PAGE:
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Welcome to JSTOR Daily’s Planet-Conscious Weekly Summer Travel Series! From electric cruise ships to biofuel-powered jets, from agritourism to sustainable ways of interacting with wildlife, we will investigate better, more sustainable ways to travel and interact with the world. 

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The History of Eco-Tours

Human interest in watching and interacting with wildlife has grown in the latter half of the twentieth century. Public perception of marine attraction parks and aquariums has shifted; more and more people see marine mammals kept in concrete tanks or using them in human warfare as unethical and inhumane. The Marine Mammal Protection Act (MMPA), which passed in 1972, recognized the plight of captive marine mammals, and aimed to safeguard their role in the ocean ecosystems. Instead of watching these animals in artificial settings, people started wanting to observe them in their natural environment.

That contributed to the rapid growth of tour companies. The earliest reports of dolphin-watching companies in Florida, North Carolina, South Carolina, and Texas date back to the 1970s, but at the time, they were still rare and few. In 1983, only four commercial dolphin-watching companies were operating in the Southeastern United States. Ten years later, this number grew to twenty-five. By the early 2000s, there were over one hundred dolphin-watching companies in Florida alone and some of them ran forty-eight hours’ worth of tours a day, seven days a week in summer, totaling 4,416 tours during the summer months. Some of these tour companies operated nearly year-round. Not all of them were pursuing animal sightings in a responsible manner.

Early tour operators fed dolphins to bring them closer to the boats and facilitate the sightings. In many cases, dolphins became comfortable accepting food from humans. The National Marine Fisheries Service banned this practice in 1991, as it proved unhealthy for the animals. Sometimes the food dolphins received was harmful for them, and at times these feedings resulted in accidental boat strikes. 

A Boat Captain’s Perspective

Zach McKenna, a boat captain and owner of St. Augustine Eco Tours in Florida, believes that human feeding causes dolphins psychological harm as well. They forgo their natural hunting habits, forage less and instead go the easy route—chasing boats. “To me, it’s almost like an addiction,” he says. “In my observations, eventually these dolphins get sick and die, because fish from humans isn’t going to supplement their natural requirements.” Moreover, McKenna believes that dolphins that become habituated by humans may face isolation within their pods—the social communities in which they live.

Zach McKenna

McKenna grew up on Hilton Head Island, a coastal community of South Carolina, where he fell in love with the ocean and marine life. He went to business school at Flagler College in St. Augustine, where he settled for good. In 2006, he launched his eco-tours company, aiming to educate people about the importance of the ocean ecosystems. He started small, with one boat and a couple of kayaks. Then he began working with the marine scientists at Flagler, providing them with vessels and captains able to take research crews out into the ocean to do their studies. Eventually, he got involved in the research himself—he helped conduct a photo identification study, which allowed the creation of a database of dolphins inhabiting certain parts of Florida’s waters. His work also helped identify dolphins’ favorite feeding spots, which he and his colleagues hope to see designated as protected areas one day. His fleet grew to a six- and a fourteen-passenger boat and kayaks that sail up to three times a day, manned by a staff of thirteen people altogether. “This year we took 12,000 people on our explorations,” McKenna says.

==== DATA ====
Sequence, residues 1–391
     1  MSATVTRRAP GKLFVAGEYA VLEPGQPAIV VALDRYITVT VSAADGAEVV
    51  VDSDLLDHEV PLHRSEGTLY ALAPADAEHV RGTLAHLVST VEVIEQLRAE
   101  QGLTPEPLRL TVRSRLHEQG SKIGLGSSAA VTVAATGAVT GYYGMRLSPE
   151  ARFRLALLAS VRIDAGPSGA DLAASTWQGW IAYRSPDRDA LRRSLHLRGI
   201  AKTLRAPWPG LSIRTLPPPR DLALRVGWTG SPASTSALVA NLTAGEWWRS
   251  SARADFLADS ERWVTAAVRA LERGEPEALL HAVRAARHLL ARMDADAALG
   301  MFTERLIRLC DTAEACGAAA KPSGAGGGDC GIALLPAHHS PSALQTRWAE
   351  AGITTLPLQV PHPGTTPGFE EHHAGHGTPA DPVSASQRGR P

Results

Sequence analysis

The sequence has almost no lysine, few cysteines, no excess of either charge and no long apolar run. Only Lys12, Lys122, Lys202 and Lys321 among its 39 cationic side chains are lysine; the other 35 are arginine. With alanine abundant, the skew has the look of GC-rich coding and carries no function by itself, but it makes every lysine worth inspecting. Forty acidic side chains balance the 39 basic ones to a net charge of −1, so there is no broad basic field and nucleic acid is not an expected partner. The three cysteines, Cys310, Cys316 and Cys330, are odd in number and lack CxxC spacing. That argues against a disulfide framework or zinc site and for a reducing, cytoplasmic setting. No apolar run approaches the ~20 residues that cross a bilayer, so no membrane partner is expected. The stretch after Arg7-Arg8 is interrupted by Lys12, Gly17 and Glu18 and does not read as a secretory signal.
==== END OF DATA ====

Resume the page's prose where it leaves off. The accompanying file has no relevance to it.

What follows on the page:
How to Make Sure Your Eco-Tour is Actually Eco-Conscious

When people ask McKenna whether he guarantees wildlife sighting, his answer is always “No.” Even though the waters where McKenna takes his visitors are brimming with life, there is no way to promise that tourists will definitely encounter marine creatures. Even if dolphin groups or manatees with calves have been feeding in the areas for a few days, he knows there’s no way to predict they will still be there the next day. Fish schools may shift, predators may arrive, storms may hit—all of which may make animals move on.

In fact, tour operators who guarantee wildlife sighting to their customers are likely to care less about the animals and more about their profits, according to McKenna. They may skirt the rules in order to get tourists the coveted sightings and photos—and keep the business going. They may approach the animals too closely, or venture into protected areas closed for boat traffic where newborn manatees are learning to swim or dolphin mothers take their young to feed.